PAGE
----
Gemma Cairney presents The Sound Odyssey, a new four-part series on BBC Radio 4
TV and radio presenter Gemma Cairney takes listeners on a new four-part arts series this September with The Sound Odyssey
Wednesday 12, 19 & 26 September and 3 October, 9am-9.30am
with Charlotte Church, Johnny Flynn, Nadine Shah and Kojey Radical
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In this series of programmes Gemma accompanies four well-known British artists as they take part in musical collaborations in four different countries around the world, showing both the artists and the local music scenes in a new light, and resulting in four specially-commissioned new pieces of music.
Nadine Shah travels to Beirut, Johnny Flynn travels to Colombia, Charlotte Church to Georgia and Kojey Radical to Ghana.
Throughout each programme Gemma and each of the four artists explore their own artistic processes as they create a new piece of music, in collaboration with a local artist, in different and unfamiliar surroundings.
Gemma Cairney says: “Acting as tour guide on The Sound Odyssey has been exhilarating and enriching, not least for the opportunity to map out and present a series that demonstrates my personal belief in the ability to connect the human experience globally via the power of music.
"I’m in love with this series for so many reasons, from discovering the roots and ambition behind 1960s Ghanian, High Life music and combining that with the tenacity and poetic progressiveness of Kojey Radical in Accra, to watching Johnny Flynn tear down language barriers in a studio dripping with sweat in Bogota, and hearing Nadine Shah’s pounding post-punk vocals seamlessly mesh with traditional Arabic instruments. We went for it and experimented, and I think the music we made is fascinating.”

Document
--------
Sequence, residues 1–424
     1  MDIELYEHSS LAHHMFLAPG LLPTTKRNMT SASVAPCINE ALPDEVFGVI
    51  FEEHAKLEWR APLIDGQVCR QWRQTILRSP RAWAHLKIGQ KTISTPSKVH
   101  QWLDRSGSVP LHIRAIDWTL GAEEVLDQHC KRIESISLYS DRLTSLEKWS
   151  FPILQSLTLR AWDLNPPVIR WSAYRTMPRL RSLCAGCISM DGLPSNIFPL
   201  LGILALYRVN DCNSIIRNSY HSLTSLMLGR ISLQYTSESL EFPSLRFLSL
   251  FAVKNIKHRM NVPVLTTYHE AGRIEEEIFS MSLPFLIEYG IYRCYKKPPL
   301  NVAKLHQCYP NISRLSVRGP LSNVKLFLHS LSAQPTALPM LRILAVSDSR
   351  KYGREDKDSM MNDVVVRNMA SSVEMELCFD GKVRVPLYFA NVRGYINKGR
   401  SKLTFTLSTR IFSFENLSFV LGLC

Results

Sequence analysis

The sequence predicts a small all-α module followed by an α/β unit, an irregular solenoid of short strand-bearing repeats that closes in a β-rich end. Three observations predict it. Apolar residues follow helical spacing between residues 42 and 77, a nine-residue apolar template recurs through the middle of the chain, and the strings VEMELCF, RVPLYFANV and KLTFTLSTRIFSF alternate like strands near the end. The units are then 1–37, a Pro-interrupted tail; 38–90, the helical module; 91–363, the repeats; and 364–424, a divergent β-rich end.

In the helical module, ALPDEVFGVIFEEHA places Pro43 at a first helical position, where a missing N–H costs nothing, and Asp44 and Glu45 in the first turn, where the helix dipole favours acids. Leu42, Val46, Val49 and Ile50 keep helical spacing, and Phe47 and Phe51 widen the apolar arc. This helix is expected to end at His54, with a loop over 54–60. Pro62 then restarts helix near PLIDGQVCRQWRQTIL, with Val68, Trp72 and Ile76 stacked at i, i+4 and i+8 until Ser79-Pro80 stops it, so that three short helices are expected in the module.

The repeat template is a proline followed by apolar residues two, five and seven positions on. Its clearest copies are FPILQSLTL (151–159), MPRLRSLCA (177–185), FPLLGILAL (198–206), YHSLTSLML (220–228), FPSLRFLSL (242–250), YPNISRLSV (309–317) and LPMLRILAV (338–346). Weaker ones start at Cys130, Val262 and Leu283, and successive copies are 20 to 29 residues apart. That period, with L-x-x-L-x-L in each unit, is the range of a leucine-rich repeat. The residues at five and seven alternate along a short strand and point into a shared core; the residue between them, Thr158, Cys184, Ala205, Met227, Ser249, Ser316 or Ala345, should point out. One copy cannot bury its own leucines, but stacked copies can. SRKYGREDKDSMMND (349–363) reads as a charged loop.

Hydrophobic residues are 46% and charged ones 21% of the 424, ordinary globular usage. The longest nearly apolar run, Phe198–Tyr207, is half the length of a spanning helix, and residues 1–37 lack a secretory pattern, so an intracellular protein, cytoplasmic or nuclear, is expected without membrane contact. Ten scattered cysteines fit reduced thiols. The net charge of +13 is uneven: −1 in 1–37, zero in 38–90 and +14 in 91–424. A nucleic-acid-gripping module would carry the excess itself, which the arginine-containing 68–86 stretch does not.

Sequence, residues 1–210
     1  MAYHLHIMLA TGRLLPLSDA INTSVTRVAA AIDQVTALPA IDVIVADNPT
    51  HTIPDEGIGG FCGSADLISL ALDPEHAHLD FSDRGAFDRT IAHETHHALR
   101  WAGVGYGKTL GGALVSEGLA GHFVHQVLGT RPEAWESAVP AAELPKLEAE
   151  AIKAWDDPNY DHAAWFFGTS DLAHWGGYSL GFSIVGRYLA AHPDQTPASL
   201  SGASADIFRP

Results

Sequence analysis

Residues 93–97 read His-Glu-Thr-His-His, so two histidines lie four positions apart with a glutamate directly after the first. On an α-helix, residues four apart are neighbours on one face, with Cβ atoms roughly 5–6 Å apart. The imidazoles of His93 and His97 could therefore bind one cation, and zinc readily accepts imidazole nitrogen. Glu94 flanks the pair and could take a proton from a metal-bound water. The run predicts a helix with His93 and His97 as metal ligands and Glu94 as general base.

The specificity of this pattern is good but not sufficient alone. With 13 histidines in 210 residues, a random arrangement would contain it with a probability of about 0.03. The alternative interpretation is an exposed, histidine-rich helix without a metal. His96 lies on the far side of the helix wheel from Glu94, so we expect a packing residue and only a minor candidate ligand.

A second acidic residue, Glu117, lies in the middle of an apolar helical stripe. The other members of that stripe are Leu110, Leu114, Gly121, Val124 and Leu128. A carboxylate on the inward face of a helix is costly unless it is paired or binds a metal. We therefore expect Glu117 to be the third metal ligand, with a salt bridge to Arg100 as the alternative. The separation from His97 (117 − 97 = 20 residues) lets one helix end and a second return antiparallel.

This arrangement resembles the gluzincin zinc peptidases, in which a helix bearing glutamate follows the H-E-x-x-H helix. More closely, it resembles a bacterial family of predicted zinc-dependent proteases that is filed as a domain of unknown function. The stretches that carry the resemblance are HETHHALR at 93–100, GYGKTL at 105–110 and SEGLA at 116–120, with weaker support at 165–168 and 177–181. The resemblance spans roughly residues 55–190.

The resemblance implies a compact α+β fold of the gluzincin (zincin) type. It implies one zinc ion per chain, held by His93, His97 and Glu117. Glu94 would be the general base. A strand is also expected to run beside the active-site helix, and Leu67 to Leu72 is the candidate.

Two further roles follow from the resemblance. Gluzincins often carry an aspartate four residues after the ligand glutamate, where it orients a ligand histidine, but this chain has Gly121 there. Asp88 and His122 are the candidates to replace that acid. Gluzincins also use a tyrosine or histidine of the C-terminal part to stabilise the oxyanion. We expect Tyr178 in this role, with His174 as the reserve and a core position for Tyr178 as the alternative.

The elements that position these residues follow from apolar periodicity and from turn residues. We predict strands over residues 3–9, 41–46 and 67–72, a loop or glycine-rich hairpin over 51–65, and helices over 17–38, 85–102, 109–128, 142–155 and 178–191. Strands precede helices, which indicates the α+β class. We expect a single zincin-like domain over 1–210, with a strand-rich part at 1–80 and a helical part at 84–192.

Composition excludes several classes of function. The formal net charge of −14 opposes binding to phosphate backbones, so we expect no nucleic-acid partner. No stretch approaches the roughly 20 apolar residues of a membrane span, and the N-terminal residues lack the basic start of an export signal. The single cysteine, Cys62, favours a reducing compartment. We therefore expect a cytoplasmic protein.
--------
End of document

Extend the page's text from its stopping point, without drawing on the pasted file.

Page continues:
In the first episode 2018 Mercury Prize-nominated Nadine Shah, a British Muslim artist, travels to Beirut to collaborate with Lebanese singer songwriter and musicologist Youmna Saba. The challenge will be for them to create a track in Beirut in just two days. Whilst in the city Gemma Cairney speaks to artists and musicians in the local art scene, including Syrian band Tanjaret Daghet.
Episode two follows musician and actor Johnny Flynn as he heads to Bogota in Colombia. Here he collaborates with Carmelo Torres, the Colombian accordion legend of Cumbia, to combine his British folk storytelling with the folk sounds of Colombia.
In the third episode, MOBO-nominated musician Kojey Radical travels to Ghana, a country that he hasn’t been to since he was 12 years old.
Born and raised in East London, 25 year-old Radical is a spoken word-poet and rapper, a dancer, model, illustrator and video artist. The son of Ghanaian parents, he grew up channelling his energy into writing poetry, and went on to study illustration at London College of Fashion before turning to music.
His sound is a unique blend of soul, jazz and gospel, grime, rap and electronica. Kojey collaborates in Accra with Kyekyeku, part of a new generation of young lively Ghanaian musicians combining the musical traditions of highlife and afrobeat, who also sees himself as a social chronicler of contemporary Africa.
In the final episode, Welsh singer-songwriter, actress and political activist Charlotte Church travels to Kutaisi in Georgia to learn about Georgian polyphonic singing, a genre of music she’s fascinated by.
Situated on the border of Europe and Asia, Georgia has a strong history of Polyphonic singing, at celebrations as well as in everyday life, and was recognized by UNESCO as a Human masterpiece of Oral and Intangible Heritage in 2001. Kutaisi has connections with Wales, having been twinned with the town of Newport since 1989. The two countries are similar in size and population; both are mountainous with their own distinctive language and culture and both are strongholds of singing and rugby.
Presented by Gemma Cairney
Source BBC Radio 4
August 8, 2018 5:25am ET by BBC Radio 4